I don't want to use this blog as a Google News type aggregator (copier) of other people's work, but in this case, I'd be doing a disservice to ace reporter Jill Leovy and the amazing people putting this together to try and paraphrase their words. So here's an update from her on the stage of the blog and also a refresher on the how and why. Btw, if you scroll down to the next entry you'll see a list of the week's homicide victims, more than 30 and about 20 percent are teenagers. And virtually all of the week's homicides are gun shot victims. And how the fuck do readily available guns make our society safer? make us safer?
New Homicide Map and Picture Gallery
The Homicide Report has added a new feature to this page: The interactive map and picture gallery. Click on the link below "Our Blogger" at right to view.
The map shows all Los Angeles County homicides from the most recent week; scroll back to see previous homicides. Click on a tab above the map to see photos of some of the victims.
There is a search button in the lower left corner that you can use to call up lists of homicides by name, place and date or date range. You can also use the filter to search by other criteria, including age, race and cause of death.
(The Times is grateful to USC professor Michael Quick for an earlier version of the map he created that was used in making the new map. More on this later).
The new map aggregates the information the Homicide Report has gathered in striving to chronicle each homicide in Los Angeles County since the beginning of this year. The tally so far is 496 homicides between Jan. 1, 2007 and July 30, 2007.
The total is based on records from the Coroner, as well as reporting and analysis by the Homicide Report, not on the Coroner's official count.
Our list excludes, for example, a substantial number of homicide cases for which the coroner has not yet issued a final determination. Also missing are murky cases, including those in which an ongoing police investigation is likely to reclassify the death as something other than homicide.
The Homicide Report also believes some homicides have slipped through the cracks, and is slowly adding missing cases as they are verified.
This map, and this webpage, the Homicide Report, are a first for the Los Angeles Times. In past years, when the operation was focused largely on the print edition, there was simply not enough room to fit stories about the hundreds of homicides that occur in Los Angeles County each year. With an expanded web presence opening unlimited space, the Homicide Report was created to provide a public record of these deaths, and give readers insight into the nation's homicide problem as it plays out in Los Angeles County.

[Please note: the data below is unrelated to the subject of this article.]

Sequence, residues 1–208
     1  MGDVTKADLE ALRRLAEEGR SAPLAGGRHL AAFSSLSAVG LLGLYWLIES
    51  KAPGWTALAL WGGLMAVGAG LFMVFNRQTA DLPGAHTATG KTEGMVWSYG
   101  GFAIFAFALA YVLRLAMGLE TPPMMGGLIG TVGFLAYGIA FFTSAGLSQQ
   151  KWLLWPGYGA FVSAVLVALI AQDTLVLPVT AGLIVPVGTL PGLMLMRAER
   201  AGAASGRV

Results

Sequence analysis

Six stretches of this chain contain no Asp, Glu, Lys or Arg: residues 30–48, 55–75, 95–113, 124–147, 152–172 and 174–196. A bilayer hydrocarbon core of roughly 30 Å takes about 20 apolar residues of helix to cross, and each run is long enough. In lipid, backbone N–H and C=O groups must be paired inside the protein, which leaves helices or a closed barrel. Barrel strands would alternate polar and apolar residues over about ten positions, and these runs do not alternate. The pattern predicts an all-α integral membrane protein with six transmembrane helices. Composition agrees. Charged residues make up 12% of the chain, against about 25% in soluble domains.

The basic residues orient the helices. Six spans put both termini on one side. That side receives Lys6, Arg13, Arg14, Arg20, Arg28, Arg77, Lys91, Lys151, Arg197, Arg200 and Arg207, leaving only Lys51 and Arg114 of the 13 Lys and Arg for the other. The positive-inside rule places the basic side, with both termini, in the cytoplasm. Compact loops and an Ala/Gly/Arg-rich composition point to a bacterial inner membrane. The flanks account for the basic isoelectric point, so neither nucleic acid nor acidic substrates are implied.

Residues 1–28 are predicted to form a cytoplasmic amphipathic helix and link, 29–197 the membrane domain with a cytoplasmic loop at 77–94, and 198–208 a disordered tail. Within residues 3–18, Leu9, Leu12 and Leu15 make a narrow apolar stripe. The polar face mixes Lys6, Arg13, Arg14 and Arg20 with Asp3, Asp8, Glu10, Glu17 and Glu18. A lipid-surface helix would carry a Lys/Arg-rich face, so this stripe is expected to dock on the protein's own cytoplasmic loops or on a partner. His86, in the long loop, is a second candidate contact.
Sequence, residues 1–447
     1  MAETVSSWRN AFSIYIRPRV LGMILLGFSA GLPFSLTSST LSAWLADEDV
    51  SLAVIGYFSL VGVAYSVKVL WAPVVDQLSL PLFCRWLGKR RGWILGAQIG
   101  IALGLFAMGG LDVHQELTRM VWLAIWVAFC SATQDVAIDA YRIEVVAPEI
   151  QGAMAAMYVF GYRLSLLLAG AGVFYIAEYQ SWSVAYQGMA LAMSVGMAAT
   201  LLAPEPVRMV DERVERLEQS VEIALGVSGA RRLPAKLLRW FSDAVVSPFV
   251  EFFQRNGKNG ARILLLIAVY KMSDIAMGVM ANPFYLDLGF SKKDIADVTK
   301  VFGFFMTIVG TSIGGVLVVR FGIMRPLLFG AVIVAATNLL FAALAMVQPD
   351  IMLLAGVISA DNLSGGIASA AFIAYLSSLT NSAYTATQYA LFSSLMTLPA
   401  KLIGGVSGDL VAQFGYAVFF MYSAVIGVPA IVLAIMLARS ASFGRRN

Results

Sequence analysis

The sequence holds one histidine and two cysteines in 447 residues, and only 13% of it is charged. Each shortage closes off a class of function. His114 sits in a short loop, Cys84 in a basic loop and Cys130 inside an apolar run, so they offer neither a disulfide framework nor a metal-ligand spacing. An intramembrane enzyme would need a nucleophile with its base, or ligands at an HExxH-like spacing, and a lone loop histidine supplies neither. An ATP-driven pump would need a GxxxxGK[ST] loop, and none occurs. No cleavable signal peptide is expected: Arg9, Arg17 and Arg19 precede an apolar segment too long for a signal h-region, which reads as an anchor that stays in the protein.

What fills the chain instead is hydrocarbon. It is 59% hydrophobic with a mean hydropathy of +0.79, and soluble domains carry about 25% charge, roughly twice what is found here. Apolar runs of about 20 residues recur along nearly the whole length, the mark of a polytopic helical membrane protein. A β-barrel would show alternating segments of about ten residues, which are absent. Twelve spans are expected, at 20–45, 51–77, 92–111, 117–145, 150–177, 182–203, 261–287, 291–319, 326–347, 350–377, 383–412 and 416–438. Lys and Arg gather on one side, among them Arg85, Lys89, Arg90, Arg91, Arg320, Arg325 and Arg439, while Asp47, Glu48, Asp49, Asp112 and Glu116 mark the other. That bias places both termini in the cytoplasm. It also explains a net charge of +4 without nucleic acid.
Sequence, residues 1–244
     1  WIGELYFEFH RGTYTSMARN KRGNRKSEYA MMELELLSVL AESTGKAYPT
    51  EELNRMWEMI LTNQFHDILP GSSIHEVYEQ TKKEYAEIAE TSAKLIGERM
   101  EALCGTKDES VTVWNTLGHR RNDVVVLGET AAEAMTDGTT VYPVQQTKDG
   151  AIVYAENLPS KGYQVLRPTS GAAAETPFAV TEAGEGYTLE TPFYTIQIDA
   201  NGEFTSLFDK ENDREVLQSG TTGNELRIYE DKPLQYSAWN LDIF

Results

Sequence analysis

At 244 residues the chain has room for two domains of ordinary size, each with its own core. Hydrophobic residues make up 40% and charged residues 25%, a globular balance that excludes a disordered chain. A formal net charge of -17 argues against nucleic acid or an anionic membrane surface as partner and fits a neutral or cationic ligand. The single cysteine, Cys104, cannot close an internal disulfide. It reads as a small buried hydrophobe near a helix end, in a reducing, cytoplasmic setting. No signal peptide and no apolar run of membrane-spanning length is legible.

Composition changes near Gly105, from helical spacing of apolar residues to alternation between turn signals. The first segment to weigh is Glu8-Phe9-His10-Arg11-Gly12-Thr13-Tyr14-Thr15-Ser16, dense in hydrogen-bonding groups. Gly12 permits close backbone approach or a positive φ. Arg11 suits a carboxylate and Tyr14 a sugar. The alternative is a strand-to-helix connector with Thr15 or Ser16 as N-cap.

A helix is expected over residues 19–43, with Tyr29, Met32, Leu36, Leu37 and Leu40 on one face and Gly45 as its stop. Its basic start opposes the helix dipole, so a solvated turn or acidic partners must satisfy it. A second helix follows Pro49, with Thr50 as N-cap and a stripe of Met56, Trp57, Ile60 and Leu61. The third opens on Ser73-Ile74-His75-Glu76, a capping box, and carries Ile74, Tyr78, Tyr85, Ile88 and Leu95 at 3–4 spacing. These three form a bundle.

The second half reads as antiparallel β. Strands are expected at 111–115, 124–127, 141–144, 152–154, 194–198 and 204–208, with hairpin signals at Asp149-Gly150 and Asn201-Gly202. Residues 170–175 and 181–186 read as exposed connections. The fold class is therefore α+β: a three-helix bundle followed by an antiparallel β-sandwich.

But the practical problems involved in tracking cases across numerous agencies in a county the size of Los Angeles are considerable.
Many, many homicides are never reported by any media, and are not even caught by internal reporting systems within police agencies designed to inform the press and public. In some jurisdictions, there is little tradition or infrastructure to ensure homicide information is made public at all. The degree to which homicide has become essentially a private event in some cases far surpassed this reporter's expectations. It is its own dismal lesson about the invisibility of homicide victims.
When first approached by the Times, for example, Inglewood Police Department officials balked at releasing such basic facts as the names of all homicide victims. They were not so much obstructionist s surprised: No one had asked them for that before, they said.
Similarly, the coroner's office has toiled to provide HR a weekly report, despite the face it is not an official document or required to meet their standards. The Coroner's staff produces the report because HR asked them to. Their listing is, like the Homicide Report itself, a bit of experiment.
All that said, the map at right gives readers a sense of where and when homicides happen, and of who dies.
The following are a sample of the information available from the interactive map:
- Despite a decline in L.A. County's homicide rate, victims remain overwhelmingly black and Latino.
- The homicide rate is not constant. It tends to rise on weekends and in the summertime. In the months of May-July, for example, there were 20% more homicides than in January-March.
- Shootings account for more than four-fifths of the homicides.
- Less than 5% of the homicides are domestic homicides, and although most victims are women, 4 of this year's 24 domestic violence victims so far have been men.
(Photo by Brian Vander Brug)